Getting out and moving can be easier said than done. There are often various obstacles fighting against our pursuit of movement. We might have the best of intentions to move and then find ourselves sprawled on the couch instead. Perhaps you have never experienced the value of movement and therefore do not consider it a priority. Whatever the rationale, here are several reasons why movement can be incredibly valuable, not only for our physical health but also for our mental well being.
Most of us have grown up learning that movement is beneficial for our physical health. It is a topic every year of school in P.E., Health class, and even with various sports teams. Regular exercise can result in a healthy body weight, reduced risk of diabetes and heart disease, stronger bones and muscles, and longer overall life span that contests against cancer, obesity, and stroke. Exercise can also help boost your immune system which is particularly important during the current pandemic.
Did you know that regular exercise can also benefit your mental health and brain functioning?
The Big Benefits of Exercise on Mental Health
There are several benefits of movement with regards to improving and maintaining mental wellness. According to researchers Robinson, Segal, and Smith, some of these benefits include: better sleep, more energy, sharper memory and thinking, higher self-esteem, and better resilience. In short, exercise helps us feel more confident in ourselves, improves the functioning of our brain, supports our body to work better, and makes us mentally stronger.
However, there is another incredible benefit of exercise that cannot be underscored enough. Exercise releases chemicals in our brain that help us feel HAPPY! Have you ever felt down and for some reason felt better after getting out and moving? There are very good reasons for that including the release of dopamine and endorphins in your brain when you exercise. Some runners even report feeling a “runner’s high” due to the chemical responses of the brain while running or participating in more rigorous exercise.
Here is a reflection that explains the chemical processes in the brain when we exercise and how these chemical reactions can benefit us:
Let’s Get Serious
Exercise may help you feel happier, but can it also help manage more significant emotional challenges? ABSOLUTELY!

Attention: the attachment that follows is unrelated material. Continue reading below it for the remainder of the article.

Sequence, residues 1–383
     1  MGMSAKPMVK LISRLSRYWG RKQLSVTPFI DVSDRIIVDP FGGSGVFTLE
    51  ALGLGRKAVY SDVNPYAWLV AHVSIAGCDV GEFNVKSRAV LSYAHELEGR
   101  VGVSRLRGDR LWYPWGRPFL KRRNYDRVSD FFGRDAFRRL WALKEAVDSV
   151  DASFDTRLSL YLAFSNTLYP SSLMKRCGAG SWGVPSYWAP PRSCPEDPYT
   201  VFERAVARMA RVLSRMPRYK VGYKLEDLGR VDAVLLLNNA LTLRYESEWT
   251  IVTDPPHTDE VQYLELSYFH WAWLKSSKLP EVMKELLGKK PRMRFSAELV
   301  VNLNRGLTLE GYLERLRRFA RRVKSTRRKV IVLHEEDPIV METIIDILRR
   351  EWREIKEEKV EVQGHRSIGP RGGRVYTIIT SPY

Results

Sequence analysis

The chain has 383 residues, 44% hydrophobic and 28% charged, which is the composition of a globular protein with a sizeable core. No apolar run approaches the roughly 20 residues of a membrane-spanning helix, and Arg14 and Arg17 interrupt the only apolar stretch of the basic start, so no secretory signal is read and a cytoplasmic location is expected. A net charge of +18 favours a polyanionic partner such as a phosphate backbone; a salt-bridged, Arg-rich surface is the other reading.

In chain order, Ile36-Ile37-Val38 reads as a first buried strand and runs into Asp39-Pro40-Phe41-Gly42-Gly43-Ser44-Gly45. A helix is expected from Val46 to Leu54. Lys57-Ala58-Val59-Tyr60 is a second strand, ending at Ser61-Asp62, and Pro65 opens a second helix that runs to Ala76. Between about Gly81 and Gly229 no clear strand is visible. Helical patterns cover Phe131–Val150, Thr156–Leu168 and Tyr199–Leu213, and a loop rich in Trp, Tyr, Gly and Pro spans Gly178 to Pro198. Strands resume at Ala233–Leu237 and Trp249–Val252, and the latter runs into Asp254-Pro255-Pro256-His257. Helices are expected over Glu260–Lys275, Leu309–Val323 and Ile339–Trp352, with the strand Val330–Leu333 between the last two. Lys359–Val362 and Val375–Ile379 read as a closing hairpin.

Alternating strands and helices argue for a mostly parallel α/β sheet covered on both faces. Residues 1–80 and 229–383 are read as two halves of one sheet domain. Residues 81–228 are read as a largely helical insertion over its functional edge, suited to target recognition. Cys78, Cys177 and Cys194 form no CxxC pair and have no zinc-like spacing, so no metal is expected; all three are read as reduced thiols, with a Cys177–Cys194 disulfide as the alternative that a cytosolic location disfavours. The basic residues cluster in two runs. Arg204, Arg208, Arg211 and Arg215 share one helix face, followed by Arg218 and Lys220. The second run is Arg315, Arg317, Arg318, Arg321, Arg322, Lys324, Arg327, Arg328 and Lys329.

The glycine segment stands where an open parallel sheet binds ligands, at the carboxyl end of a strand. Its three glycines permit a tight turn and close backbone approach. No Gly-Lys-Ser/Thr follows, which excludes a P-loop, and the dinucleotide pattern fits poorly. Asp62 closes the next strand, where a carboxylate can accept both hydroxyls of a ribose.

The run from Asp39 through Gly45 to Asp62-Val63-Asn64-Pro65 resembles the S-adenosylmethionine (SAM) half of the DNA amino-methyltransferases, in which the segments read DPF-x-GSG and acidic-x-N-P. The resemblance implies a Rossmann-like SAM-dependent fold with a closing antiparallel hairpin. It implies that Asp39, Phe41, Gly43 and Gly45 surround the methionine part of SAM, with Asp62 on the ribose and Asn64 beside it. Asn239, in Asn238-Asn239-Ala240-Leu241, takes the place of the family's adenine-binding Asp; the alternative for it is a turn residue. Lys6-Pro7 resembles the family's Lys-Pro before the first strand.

Robinson, Segal, and Smith also highlight that exercise is a natural anxiety treatment and can help manage mild or moderate depression as effectively as with medication. Additionally, the chemical reactions that occur in the brain while exercising can promote better concentration and focus which reduces concern for hyperactivity and impulsivity. Exercise also helps release tension in your muscles and body which in turn reduces feelings of stress. Additionally, being mindful while exercising can help with the effects of a number of different problematic health conditions linked to raw emotions.
Mindfulness and Exercise
People are becoming more and more aware of the benefits of mindfulness activities; you may even participate in mindfulness exercises in your classes. When you think of a mindfulness activity you may think of a breathing exercise involving sitting up straight and still with your eyes closed while you focus on each part of your body or the very breath you are taking while listening to calm music.
This is not the only means by which we can practice mindfulness and reap its benefits. You can also engage in mindfulness when you are exercising to the benefit of your mental health.
According to the author Mead, “Directed meditation combined with running or walking helped to reduce symptoms of depression for depressed participants by almost 40 percent.”
So what does meditating while moving look like?
Meditation during exercise involves calming your mind before beginning the activity, focusing on your breathing while exercising, paying attention to what you’re feeling in your body, noticing when you foot hits the pavement, removing your headphones so you can focus on your body and surroundings, paying attention to your thoughts, and reflecting on the experience when you are finished.
Now What? How Do We Pursue Movement?
As stated earlier, it can be an uphill battle to get ourselves to move, but there are some simple steps you can take to make it easier. First, do something you like. If you do not like running, do not run. If you like playing basketball, then play basketball! Whatever it is you choose to do, make sure it is something you ultimately enjoy. This will result in a higher likelihood of consistent participation in the activity.
Secondly, start small. Stop aiming for goals that you will unlikely achieve because doing so will result in discouragement and disengagement. This may mean: starting with just 5-10 minutes of movement a day, not pushing yourself as hard as you want to or think you should, and perhaps exercising 2-3 days a week as opposed to 5-7 days. It is important to create goals for yourself but make sure they are reasonable and achievable goals!